The farm management operated a cooperative farm system in central Europe with breeder farms linked to various production pig nursery and finisher units. The breeder pigs and young piglets all received a complete vaccination programme. Some farms were positive for European strains of PRRS, while others remained negative. The weaned piglets were moved to separate nursery production pig sites at 3 to 4 weeks-old, in batch sizes of around 800 piglets.
The farm system received feed for the nursery and finisher production pigs from a large feed mill operation in various phases – nursery starter, grower and finisher feeds. The management of this feed mill decided to reduce the in-feed doses of antibiotics and Zinc oxide added to the post-weaning starter diets, with Zinc oxide reduced from 2,500 ppm to 150 ppm.
Soon after this, the managers of the nursery sites noticed some nervous signs amongst many of the recently weaned pigs. There was also a moderate increase in the mortality levels for the nursery period, from 3 to 4 %, up to 5 to 6 %. The problem occurred in different batches of piglets, over a period of months.
Close examination indicated numerous weaner pigs displayed a range of nervous signs and depression. These clinical signs usually started 7 to 14 days after weaning from the sow, and seemed to affect particularly the larger and better-growing pigs. Each outbreak of disease in each batch of pigs appeared to last about 2 weeks, with pigs recovering at around 7 weeks-old.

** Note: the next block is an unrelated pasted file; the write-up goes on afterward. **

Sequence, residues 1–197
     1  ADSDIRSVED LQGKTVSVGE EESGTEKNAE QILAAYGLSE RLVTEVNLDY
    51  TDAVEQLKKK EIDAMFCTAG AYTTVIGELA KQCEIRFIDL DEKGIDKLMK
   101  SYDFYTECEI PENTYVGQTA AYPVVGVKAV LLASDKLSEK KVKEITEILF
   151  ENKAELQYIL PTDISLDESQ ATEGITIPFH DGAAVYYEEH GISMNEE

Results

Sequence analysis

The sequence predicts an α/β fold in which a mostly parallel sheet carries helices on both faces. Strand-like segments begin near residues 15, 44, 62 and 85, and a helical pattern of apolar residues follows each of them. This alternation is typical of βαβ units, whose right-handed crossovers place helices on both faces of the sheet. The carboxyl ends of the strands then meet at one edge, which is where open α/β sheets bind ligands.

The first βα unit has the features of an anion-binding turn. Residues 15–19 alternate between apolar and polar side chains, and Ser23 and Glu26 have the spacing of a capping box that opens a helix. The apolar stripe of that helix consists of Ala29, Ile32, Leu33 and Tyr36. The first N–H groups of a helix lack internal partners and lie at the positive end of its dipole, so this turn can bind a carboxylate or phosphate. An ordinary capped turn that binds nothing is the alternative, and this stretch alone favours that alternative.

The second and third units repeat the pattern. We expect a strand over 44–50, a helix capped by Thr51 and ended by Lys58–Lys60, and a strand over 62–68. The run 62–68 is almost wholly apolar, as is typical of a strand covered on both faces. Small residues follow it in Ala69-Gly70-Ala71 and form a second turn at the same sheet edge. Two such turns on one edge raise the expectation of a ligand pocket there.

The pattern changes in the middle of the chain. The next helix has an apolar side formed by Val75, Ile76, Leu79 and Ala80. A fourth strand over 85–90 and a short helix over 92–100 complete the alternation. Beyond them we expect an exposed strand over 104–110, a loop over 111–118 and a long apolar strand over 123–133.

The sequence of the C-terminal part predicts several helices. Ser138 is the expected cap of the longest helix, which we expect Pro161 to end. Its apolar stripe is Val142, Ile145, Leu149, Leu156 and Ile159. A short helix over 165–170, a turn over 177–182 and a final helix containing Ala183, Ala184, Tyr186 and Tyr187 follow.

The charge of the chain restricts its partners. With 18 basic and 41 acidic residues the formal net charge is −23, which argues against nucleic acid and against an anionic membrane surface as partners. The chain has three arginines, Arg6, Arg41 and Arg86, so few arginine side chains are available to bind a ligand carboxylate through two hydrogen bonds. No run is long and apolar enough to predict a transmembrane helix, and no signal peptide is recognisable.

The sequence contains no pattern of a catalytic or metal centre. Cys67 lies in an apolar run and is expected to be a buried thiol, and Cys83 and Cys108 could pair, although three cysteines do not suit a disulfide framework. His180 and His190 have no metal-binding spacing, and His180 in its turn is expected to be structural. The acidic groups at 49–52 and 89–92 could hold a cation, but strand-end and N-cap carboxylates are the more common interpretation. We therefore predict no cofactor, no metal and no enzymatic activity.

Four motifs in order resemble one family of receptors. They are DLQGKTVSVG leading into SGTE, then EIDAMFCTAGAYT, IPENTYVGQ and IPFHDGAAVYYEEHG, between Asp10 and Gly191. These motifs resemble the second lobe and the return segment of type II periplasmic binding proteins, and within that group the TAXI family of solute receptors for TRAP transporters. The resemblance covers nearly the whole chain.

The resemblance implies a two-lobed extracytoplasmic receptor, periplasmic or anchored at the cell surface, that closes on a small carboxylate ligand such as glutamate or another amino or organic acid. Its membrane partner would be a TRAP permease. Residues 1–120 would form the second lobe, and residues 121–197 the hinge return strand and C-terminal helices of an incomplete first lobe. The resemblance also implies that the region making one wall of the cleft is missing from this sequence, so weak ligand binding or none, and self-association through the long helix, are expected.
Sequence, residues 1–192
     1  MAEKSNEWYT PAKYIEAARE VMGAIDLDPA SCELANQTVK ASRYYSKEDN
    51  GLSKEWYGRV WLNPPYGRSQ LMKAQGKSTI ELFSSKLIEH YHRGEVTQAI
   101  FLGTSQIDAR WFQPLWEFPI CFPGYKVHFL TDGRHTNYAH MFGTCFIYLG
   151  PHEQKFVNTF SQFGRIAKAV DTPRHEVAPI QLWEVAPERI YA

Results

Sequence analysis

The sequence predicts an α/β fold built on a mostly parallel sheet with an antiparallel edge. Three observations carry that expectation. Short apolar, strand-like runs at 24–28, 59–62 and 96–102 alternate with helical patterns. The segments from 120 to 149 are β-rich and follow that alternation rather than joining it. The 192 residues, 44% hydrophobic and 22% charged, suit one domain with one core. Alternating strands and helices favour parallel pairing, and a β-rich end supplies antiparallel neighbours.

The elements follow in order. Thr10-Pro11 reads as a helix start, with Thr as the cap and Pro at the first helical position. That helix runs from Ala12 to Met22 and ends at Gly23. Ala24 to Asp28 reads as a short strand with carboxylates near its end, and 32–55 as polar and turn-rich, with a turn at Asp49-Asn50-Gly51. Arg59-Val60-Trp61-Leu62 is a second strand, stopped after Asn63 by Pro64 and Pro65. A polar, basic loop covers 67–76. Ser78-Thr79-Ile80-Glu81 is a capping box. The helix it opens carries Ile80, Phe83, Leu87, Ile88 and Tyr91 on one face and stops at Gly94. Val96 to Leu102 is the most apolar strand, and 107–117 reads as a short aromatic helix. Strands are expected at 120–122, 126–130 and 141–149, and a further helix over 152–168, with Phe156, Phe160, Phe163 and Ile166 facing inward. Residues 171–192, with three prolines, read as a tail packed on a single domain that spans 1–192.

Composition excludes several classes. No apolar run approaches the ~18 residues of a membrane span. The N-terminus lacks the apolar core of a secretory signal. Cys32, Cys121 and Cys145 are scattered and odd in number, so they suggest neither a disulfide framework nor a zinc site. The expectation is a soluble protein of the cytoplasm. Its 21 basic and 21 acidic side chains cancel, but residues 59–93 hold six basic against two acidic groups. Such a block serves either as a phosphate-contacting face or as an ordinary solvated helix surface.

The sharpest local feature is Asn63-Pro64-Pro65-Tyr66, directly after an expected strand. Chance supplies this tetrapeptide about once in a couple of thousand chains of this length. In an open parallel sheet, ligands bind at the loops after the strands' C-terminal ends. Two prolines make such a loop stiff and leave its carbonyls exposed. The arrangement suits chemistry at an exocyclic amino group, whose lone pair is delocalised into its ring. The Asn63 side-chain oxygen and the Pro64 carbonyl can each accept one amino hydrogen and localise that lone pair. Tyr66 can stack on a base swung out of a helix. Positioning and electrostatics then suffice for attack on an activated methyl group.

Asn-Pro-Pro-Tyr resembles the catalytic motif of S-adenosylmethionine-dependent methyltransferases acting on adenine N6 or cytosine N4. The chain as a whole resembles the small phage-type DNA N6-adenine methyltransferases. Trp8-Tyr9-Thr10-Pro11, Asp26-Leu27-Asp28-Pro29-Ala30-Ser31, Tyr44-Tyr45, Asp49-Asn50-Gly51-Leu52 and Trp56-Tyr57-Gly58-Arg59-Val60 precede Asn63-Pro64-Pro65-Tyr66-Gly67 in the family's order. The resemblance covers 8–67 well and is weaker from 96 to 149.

The nervous signs included uncoordinated ataxia (stumbling about), recumbency (lying down), and convulsions. Besides the nervous signs, many of the sick pigs had marked soft tissue swelling (oedema) of the upper and lower eyelids (see Figure 1).
Figure 1. Five week-old weaner pig with recumbency and eyelid oedema.
Occasionally, affected pigs also had an amazing change in their normal vocalization sounds, from the usual strong squealing sound, into a high-pitch squeaky voice. This was often noticeable when the affected pigs were picked up for handling.
The worst affected pigs died after an illness of about 1 to 3 days duration. At autopsy of some affected pigs, the soft gelatinous oedema was evident in the eyelids, but also in the meso-colonic area of the spiral colon (see Figure 2), and in the wall of the stomach. The pericardial sac of some pigs had excess fluid content. The head and intestines of some pigs were submitted to the pathology and microbiology laboratory for testing.
Figure 2. Autopsy of affected nursery pig, with oedema of meso-colon.
The farm responded to the disease situation by assessing that the humane handling of their pigs required implementing antibiotic programs, consisting of colistin and apramycin products in premix formulations into the nursery starter diets. The humane handling and care of these nursery pigs also required that the Zinc oxide levels in the starter diets be replaced to levels of 2,000 to 3,000 ppm.
- Seven to 14 days after weaning – specific age range affected.
- Wide range of nervous signs, including change in vocalisation.
- Oedema of eyelids, stomach wall and colon.
Comments on case study